Now, I have one more thing, dear friends, to say about this whole business of being turned upside down by God, that the desolate forest of your sin and unbelief might be turned into God’s own fertile and fruitful field. In the language of faith, being turned upside down by God is another way of speaking about repentance. You see, repentance is not just being sorry that you sinned, it’s being sorry and truly desiring to turn away from that sin. It’s wanting God to turn you a full 180 degrees away from it. Without sincerely desiring this, without wanting to receive Christ’s forgiveness, and wanting to go forth in His righteous way, you are really still back in that forest, hugging the trees, refusing the Holy Spirit’s efforts to set you straight. But wanting it, desiring to be forgiven and renewed means that you have faith, and through faith, God will indeed set you straight.
I should add, however, that your faithful and true repentance does not mean that you will never return to sin of which you repent. Indeed, you all know this by experience. Because of your sinful nature, which sticks to you like sap from the cedar, you continue to be drawn away from the fruitful field of God’s grace and back again and again to the forest of sin and unbelief. This is why Jesus, through the Spirit, continually calls you to repentance, that you may receive the forgiveness that He freely offers you through His Word and Sacrament.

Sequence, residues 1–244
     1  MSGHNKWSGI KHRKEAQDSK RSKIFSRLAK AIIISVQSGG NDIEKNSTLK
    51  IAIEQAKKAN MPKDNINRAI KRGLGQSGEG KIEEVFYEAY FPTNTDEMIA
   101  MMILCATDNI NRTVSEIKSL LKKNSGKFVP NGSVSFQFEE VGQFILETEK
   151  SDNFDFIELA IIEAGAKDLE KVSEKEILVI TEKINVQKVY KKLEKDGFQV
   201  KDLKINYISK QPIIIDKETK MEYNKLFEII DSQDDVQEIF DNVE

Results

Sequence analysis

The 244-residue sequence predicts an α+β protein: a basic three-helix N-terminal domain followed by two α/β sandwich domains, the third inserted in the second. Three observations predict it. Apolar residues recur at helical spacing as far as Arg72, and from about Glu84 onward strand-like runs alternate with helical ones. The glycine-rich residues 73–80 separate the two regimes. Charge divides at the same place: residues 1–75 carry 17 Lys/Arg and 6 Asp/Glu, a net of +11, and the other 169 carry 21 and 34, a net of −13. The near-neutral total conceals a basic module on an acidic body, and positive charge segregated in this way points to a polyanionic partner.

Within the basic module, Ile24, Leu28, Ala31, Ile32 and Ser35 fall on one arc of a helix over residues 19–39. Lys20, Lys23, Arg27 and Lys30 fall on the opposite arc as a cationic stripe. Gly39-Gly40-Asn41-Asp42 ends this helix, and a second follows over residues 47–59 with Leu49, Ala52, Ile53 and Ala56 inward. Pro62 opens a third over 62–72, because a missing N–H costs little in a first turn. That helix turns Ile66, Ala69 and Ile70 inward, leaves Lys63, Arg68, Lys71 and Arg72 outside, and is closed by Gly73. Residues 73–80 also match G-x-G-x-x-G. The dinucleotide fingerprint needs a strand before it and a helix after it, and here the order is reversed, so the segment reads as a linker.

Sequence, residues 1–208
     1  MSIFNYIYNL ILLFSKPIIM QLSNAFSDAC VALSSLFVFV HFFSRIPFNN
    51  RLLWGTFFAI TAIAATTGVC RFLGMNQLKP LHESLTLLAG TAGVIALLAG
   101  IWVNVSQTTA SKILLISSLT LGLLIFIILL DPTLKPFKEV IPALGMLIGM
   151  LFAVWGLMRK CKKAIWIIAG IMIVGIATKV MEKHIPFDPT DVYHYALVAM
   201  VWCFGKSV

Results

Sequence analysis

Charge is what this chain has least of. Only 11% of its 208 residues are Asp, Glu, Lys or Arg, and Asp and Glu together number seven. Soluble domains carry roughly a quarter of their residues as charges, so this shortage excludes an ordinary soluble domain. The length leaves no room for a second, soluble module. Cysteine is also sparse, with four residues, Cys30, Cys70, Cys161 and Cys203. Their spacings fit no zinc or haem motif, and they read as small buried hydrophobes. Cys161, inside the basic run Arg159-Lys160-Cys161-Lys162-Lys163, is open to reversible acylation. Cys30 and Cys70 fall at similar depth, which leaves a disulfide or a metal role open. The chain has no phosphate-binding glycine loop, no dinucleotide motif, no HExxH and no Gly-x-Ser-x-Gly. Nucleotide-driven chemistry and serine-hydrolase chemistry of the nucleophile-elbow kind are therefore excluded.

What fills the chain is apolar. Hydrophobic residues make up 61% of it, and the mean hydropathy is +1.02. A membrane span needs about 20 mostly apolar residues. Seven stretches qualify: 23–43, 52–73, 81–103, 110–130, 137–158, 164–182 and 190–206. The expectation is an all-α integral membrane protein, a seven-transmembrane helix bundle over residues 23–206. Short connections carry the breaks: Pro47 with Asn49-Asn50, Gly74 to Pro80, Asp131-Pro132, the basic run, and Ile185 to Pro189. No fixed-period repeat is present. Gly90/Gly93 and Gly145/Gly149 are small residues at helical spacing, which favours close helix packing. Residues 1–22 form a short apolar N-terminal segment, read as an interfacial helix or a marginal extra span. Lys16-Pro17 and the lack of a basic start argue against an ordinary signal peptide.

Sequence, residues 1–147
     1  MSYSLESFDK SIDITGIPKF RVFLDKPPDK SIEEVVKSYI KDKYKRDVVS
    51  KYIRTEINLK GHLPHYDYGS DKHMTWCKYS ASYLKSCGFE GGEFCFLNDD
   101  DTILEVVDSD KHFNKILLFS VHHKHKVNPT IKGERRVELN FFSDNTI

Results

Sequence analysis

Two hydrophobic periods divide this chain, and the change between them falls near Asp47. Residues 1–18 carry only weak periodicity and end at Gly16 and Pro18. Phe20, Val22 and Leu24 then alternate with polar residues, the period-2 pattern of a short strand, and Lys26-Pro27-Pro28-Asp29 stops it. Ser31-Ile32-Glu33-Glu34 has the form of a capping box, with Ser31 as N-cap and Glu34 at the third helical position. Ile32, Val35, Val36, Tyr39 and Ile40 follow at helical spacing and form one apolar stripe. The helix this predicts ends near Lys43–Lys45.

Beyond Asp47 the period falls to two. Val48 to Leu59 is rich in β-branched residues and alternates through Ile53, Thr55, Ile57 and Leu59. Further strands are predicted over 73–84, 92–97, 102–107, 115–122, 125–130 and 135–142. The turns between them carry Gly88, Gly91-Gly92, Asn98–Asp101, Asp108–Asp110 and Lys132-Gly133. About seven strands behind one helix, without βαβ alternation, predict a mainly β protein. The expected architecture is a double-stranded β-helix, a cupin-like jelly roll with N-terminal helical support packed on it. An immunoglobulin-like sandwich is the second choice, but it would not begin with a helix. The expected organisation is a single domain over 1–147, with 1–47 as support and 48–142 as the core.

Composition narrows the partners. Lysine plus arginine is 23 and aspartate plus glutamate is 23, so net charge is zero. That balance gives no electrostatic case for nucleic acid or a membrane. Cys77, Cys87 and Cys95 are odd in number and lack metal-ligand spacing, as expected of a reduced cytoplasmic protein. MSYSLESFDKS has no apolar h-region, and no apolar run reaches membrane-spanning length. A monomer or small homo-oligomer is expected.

Listen, therefore, to our Lord Jesus saying this morning, “This do in remembrance of Me,” for these words tell you that everything that He has done for you, for your salvation, to give you life without end—including the healing of the deaf-mute—is here for you in His true Body and Blood that you are given to eat and drink. Think on that, dear friends, and rejoice! With that dear man who was given ears to hear and tongue to proclaim that Jesus is Lord, rejoice and give thanks to our Saviour Jesus Christ, through whom you have your salvation and life without end. Amen.